Why is so much stoppage time being added to World Cup 2022 matches?

The referee assistant shows eight minutes overtime during the World Cup group C match between Argentina and Saudi Arabia. Credit: AP

England's 6-2 victory over Iran in the Three Lions' opening World Cup match lasted 117 minutes and 16 seconds, making it the longest group-stage game of all time.

And that was not the only record broken. At 14.08, the first half had the most stoppage time in a single World Cup match on record, according to Opta. An additional 14 minutes of injury time has not been seen in the 21 previous World Cups.

The additional play helped England complete 716 passes, the second most in any World Cup game that did not include extra time.

But the record might well be broken at this World Cup, as England v Iran was far from the only match to run well past the 90-minute mark.

According to Opta, the four single halves with the most stoppage time in a single World Cup match since 1966 were all on Monday:

  • England v Iran first half (14:08 minutes)

  • England v Iran second half (13:08)

  • USA v Wales second half (10:34)

  • Senegal v Netherlands second half (10:03)

Saudi Arabia's win over footballing greats Argentina on Tuesday morning also stretched well beyond 90 minutes.

Are matches of more than 100 minutes here to stay in World Cup competition?

Why was the England v Iran game so long?

One reason was the injury sustained by Iran goalkeeper Ali Beiranvand in the opening minutes of the match after clashing heads with teammate Majid Hosseini. Despite breaking his nose and suffering a concussion, he carried on for several more minutes following treatment.

Moments later he asked to be substituted, collapsing to the ground and eventually leaving the pitch on a stretcher.

The delay added considerable time to the record-breaking first half - and led to a record -breaking late goal.

Iran's Mehdi Taremi's penalty came at 102:30, the latest World Cup goal ever, excluding extra time.

The second latest goal came not long after when Davy Klaassen's scored for the Netherlands at 98 minutes and 17.

But why are these matches lasting so long, injuries aside? One reason is FIFA's determination to stretch out the game.

Iran's goalkeeper Alireza Beiranvand collides with Iran's Majid Hosseini, right, during the match between England and Iran. Credit: AP

What are FIFA's new rules and what is the idea behind them?

FIFA, football's governing body, want to extend the number of minutes the ball is in play for the entertainment of fans.

At the 2014 World Cup in Brazil, the ball was typically in play for about 60 minutes. That was down to between 52 and 58 minutes at the 2018 tournament in Russia, according to one analysis.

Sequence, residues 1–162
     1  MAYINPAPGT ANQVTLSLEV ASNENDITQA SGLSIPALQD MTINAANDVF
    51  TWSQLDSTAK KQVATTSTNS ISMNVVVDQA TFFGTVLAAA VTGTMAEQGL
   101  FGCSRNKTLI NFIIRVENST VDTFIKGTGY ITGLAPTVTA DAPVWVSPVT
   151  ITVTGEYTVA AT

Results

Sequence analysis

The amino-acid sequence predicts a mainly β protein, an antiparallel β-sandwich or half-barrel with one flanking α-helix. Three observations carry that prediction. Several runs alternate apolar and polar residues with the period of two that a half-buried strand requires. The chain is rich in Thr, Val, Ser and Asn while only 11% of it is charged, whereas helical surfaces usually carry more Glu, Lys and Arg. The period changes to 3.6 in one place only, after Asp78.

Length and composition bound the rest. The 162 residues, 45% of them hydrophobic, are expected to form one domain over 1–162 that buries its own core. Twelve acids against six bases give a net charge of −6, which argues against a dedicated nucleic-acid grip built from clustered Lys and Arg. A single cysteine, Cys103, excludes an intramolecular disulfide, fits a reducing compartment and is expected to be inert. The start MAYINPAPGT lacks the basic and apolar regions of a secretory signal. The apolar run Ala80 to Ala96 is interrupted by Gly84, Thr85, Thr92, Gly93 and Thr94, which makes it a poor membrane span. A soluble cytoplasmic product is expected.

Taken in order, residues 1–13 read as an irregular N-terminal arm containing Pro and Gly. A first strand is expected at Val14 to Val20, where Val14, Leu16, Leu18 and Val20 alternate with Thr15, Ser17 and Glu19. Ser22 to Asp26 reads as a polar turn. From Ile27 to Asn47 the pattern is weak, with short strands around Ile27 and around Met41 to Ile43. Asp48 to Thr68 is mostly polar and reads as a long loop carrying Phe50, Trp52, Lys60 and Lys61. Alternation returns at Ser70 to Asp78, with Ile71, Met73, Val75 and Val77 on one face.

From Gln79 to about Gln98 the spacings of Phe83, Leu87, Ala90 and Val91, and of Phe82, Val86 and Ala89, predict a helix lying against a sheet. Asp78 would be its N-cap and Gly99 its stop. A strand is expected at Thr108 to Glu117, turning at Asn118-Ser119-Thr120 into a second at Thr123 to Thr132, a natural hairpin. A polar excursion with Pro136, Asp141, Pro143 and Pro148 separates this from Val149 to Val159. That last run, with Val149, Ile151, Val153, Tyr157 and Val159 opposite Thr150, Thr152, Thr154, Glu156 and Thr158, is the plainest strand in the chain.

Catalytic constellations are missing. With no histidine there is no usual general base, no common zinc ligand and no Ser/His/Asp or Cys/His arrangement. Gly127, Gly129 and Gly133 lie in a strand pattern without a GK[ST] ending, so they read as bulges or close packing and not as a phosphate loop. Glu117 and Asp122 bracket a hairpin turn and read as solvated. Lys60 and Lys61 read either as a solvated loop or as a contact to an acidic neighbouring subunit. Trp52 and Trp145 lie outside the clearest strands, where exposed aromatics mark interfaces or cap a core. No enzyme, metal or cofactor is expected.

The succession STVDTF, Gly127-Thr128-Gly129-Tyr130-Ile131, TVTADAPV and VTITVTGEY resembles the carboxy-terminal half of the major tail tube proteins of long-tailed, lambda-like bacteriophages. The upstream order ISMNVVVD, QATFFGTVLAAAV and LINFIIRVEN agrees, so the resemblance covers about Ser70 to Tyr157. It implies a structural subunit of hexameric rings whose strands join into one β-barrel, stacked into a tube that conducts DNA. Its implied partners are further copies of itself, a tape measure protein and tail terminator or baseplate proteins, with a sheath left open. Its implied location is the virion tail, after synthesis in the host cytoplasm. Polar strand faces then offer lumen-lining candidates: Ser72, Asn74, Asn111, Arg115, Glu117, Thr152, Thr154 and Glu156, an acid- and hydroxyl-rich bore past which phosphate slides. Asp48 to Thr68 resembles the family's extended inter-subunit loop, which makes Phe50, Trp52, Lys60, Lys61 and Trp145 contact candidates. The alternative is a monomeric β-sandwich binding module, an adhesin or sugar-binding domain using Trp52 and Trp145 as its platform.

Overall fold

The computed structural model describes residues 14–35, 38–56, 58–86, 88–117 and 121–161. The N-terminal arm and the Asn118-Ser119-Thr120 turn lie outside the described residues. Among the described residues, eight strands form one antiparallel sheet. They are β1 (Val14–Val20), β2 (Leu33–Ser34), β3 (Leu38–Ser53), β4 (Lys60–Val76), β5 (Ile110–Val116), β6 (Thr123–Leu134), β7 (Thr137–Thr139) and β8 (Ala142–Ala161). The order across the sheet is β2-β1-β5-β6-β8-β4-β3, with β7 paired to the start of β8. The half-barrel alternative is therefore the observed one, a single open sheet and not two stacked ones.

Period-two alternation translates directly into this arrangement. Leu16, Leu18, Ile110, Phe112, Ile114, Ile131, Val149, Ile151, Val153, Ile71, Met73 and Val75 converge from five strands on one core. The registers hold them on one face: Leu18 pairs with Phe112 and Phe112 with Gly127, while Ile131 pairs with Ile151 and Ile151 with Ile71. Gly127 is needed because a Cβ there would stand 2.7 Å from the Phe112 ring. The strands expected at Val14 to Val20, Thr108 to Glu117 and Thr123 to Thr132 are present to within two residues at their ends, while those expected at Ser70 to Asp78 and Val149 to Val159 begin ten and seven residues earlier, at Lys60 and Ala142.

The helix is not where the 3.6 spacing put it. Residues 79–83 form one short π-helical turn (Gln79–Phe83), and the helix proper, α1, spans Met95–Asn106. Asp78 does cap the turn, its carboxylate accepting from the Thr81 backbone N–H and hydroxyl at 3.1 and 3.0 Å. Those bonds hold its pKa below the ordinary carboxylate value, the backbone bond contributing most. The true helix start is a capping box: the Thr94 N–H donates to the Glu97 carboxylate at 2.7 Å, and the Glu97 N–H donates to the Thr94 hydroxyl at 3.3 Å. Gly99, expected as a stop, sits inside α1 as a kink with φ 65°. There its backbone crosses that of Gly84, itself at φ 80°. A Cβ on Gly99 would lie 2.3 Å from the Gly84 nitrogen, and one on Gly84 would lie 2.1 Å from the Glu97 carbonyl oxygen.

FIFA want to more accurately add time in an attempt to crack down on what Pierluigi Collina, FIFA's referees' committee chair, described as players' time-wasting.

Mr Collina confirmed last week that officials had been instructed to keep on top of the time lost during matches at the tournament in Qatar.

Football’s world governing body has repeatedly insisted they want to add time accurately when play stops for VAR interventions, the treatment of injuries, substitutions, penalties and red cards.

Video review - first used in Russia four years ago - is behind some of the delays, with checks taking up to two minutes.

England’s Bukayo Saka with Jack Grealish following the 6-2 defeat of Iran in the World Cup on Monday Credit: Nick Potts/PA

But according to FIFA’s official rules, stoppage time can include “any other cause, including any significant delay to a restart (e.g. goal celebrations).”

This is not the first tournament where FIFA has attempted to calculate stoppage time more accurately. The 2018 World Cup in Russia also saw matches being extended beyond five minutes, despite the ball being in play for less time than in 2014.

Only four of the matches played during the last 16 in 2018 saw fewer than five minutes added, according to figures from FiveThirtyEight.

Wales v USA ran to nearly 100 minutes. Credit: AP

Goal celebrations have also tested FIFA's patience.

“In Russia, we tried to be more accurate in compensating for time lost during games and that’s why you saw six, seven or even eight minutes added on,” Mr Collina told reporters.

“Think about it: if you have three goals in a half, you’ll probably lose four or five minutes in total to celebrations and the restart.”

More substitutions

Substitutions are one of FIFA's official stoppage time disruptions, and this World Cup has more than ever.

The International Football Association Board (IFAB) approved the use of five substitutes for the World Cup back in June, and this may also be impacting match times.

Yellow cards hold up a game and the delay can be added to stoppage time. Credit: AP

What has the reaction been to longer stoppage times?

The extended play has pleased some, who see the longer ball play as a fair trade-off for players' time-wasting.

Former Liverpool defender Jamie Carragher welcomed the move, tweeting: "Enjoying the amount of time that is being added on by the officials at #QatarWorldCup2022 there is too much time wasting in football!"

Others poked fun at the 100-minute-plus games.

One fan tweeted: "If this trend continues, there will be 90 minutes of stoppage time in the #WorldCup final."

Newcastle United sponsors, Fun88, posted a meme of an elderly woman saying "it's been 84 years", with a caption reading "when you add up stoppage time at this World Cup".

The players, themselves, are perhaps less enthusiastic.

Speaking to ITV after his penalty gave Wales a draw against the USA, Gareth Bale said: "I can't believe it was nine minutes added on, I don't know where that came from."